After a short taxi ride I was home. I put on my first load of washing, and got in the bath (sorry for the mental image)… By the time I got out it was time for the second load of washing, then bed. I woke up in the morning, put on  the third load of washing, and cut my hair. It was only at this point that I started to feel remotely clean.

That’s another OpenWorld done. I’ll write a wrap up post once everything has distilled…

Cheers

Tim…

Oracle OpenWorld and Code One 2018 : Day 4 – Thursday

As is the case with a trip to San Francisco, I get into the time zone the day before I have to leave, which only serves to make the trip home and subsequent recovery from it harder. 🙂

I woke up at a more normal local time, did my blog for the previous day and headed down to the conference…

First up for me was Joel Kallman speaking about “Oracle Application Express 18 New Features”. As followers of the blog know, I’m the worst Application Express (APEX) developer that has ever existed, even though I’ve been using it since before it got named APEX. APEX is becoming a bigger thing for us at work, in no small part because I keep pushing out small applications using it. I wrote down a list of things I need to take a look at, so fingers crossed I will get a chance to do that soon.

Next up was Colm Divilly with “Kicking mod_plsql to the Curb for a Modern REST-Driven Application”. We use Oracle REST Data Services (ORDS) at work, but we also have a bunch of things lingering on mod_plsql, partly due to time/testing constraints and partly due to the use of the mod_plsql document upload/download functionality. Yes, we could have rewritten that, but… Well ORDS 18.3 has us covered, due to the inclusion of the “owa.docTable” parameter. I’m hoping I can try this out when I get back, and maybe rid myself of the mod_plsql dependencies once and for all. He talked about a bunch of other stuff, including database authentication, but the upload/download stuff will have the biggest impact on me personally.

Next up it was me with “DBA Does Docker“. Overall the talk went OK, but I got my timing kind-of wrong and spent too long on the demos, so I ran out of time at the end. Another 5-10 minutes would have been nice, but them’s the breaks. 🙂 I got a lot of questions at the end, so I took them outside so as not to annoy the following speaker too much. By the time I finished answering questions I had missed all but the last 10 minutes of the final session, so I hung around until that finished and met up with Connor and Roel to walk back to the hotel and then grab some food.

I was under the impression the final day was going to be extended, but as it turned out everything pretty much ended at 14:00. I spent the rest of the day in my hotel room in a vegetative state, as the post-conference crash began… 🙂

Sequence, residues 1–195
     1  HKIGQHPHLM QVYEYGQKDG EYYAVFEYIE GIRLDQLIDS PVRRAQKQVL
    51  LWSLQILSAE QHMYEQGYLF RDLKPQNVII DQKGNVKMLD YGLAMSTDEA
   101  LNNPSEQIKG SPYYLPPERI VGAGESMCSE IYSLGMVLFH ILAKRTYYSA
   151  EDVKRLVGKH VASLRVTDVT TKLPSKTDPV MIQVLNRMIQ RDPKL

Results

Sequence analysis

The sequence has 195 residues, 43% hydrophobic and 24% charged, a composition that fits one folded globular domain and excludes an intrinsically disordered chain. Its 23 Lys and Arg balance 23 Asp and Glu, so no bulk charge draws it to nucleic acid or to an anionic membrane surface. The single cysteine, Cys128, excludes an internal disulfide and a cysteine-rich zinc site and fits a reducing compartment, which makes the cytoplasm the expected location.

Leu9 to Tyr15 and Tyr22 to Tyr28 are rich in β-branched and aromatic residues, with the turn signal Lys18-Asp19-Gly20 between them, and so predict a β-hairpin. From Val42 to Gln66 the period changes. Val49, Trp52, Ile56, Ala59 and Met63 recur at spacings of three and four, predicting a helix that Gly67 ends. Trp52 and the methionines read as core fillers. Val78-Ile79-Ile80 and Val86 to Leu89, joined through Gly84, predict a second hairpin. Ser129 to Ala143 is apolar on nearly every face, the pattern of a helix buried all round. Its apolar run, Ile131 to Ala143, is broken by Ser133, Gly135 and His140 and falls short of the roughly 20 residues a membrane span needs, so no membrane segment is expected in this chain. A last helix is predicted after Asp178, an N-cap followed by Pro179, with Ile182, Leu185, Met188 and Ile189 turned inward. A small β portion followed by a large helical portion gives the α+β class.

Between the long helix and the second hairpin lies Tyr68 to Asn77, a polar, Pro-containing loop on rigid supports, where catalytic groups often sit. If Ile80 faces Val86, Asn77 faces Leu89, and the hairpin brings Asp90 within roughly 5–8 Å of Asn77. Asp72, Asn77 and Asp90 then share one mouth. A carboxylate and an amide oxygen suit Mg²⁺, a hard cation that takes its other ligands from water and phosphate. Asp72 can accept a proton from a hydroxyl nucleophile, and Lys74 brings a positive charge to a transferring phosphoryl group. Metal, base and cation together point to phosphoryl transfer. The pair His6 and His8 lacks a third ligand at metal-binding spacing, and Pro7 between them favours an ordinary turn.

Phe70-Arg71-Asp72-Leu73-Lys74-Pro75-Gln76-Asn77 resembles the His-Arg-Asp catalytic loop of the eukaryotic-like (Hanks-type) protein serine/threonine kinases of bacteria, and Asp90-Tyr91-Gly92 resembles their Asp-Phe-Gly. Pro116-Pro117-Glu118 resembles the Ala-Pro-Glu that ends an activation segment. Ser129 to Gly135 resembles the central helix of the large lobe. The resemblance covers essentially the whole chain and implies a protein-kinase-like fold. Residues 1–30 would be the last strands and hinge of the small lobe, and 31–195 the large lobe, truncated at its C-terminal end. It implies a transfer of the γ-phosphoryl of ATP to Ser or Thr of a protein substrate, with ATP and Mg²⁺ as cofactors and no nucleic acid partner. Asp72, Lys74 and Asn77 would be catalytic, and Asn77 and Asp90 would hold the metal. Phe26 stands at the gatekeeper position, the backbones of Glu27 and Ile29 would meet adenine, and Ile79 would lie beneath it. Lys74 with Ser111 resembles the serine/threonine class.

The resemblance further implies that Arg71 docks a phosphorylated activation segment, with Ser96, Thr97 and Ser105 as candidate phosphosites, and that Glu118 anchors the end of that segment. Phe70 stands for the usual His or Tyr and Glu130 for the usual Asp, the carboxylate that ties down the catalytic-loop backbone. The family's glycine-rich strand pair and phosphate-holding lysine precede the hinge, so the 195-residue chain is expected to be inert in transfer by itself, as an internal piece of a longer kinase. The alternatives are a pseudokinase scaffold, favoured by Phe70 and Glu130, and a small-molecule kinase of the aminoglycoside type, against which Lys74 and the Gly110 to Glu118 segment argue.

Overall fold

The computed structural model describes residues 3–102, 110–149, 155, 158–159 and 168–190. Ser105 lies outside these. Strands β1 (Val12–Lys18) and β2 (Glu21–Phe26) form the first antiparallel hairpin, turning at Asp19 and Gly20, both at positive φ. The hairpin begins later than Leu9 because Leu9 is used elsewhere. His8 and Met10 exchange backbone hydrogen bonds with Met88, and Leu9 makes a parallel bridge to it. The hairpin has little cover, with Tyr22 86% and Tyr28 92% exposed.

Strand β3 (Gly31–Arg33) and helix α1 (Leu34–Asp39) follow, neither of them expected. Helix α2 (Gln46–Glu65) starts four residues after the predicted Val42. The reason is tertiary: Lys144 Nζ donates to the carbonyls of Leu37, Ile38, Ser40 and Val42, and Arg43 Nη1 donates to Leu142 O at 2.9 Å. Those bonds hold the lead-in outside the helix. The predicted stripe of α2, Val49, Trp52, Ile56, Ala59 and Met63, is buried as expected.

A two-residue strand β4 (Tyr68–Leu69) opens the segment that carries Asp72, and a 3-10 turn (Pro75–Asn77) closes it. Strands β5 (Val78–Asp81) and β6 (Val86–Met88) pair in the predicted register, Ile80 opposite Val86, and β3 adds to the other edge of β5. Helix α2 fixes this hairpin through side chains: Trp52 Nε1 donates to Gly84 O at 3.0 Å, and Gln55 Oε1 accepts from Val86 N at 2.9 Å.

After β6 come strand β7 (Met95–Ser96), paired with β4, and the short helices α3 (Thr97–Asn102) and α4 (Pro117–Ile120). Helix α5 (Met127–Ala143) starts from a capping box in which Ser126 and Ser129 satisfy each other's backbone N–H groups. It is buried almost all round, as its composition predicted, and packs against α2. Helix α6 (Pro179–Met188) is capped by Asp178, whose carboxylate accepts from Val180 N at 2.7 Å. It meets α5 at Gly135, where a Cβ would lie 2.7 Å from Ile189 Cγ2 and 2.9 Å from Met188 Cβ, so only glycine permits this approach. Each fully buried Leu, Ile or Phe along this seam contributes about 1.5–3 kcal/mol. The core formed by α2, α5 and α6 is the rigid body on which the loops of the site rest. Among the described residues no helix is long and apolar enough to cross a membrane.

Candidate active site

Tomorrow (Friday) I start the journey back to the UK, finally getting home on Saturday evening UK time. I’ll write a wrap-up post when I get back with my impressions on the conference as a whole.

Cheers

Tim…

Oracle OpenWorld and Code One 2018 : Day 3 – Wednesday

Wednesday was the start of the burnout! After two days of all-day briefings and a couple of days of OpenWorld and Code One madness, mixed with a touch of jet-lag, I felt totally beat up. I woke up early, went to the gym and caught up on some blogging. The only thing I definitely had to do was my 14:00-16:00 shift on the Blockchain Beer Demo in the Groundbreakers Hub.

Photo by Mike Donovan

When I got to the conference the first thing I did was head down to the exhibition hall and demo grounds to try to catch up with a few people. I visited the folks at the Dbvisit stand where I met all the usual suspects, plus a couple of folks I’d never met before. I spent quite a bit of time chatting with Mike and Vit about containers for the database layer.  I know I say it every year, but I really like the Dbvisit crew. They are a good crowd and it’s nice to see good people doing well!

From there I saw a bunch of shady characters hanging around the APEX stand at the demo grounds, so I went to bug them for a bit, and pretend I know what APEX is. After that I grabbed some food and then it was time for my shift at the Blockchain Beer Demo…

I was an abject failure at the Blockchain Beer Demo. I know what blockchain is, and I know what beer is, but I can’t really talk in detail about either of them. Luckily we had a blockchain and a beer expert (Neil) on hand, so I mostly handed out stickers and pointing people in the right direction, depending on what they were interested in, which was mostly beer. Despite my incompetence, I did have a good time chatting to people. We were next to the “Meet the Experts” stand, so I provided waiter service to them. 🙂

Photo by Brendan Tierney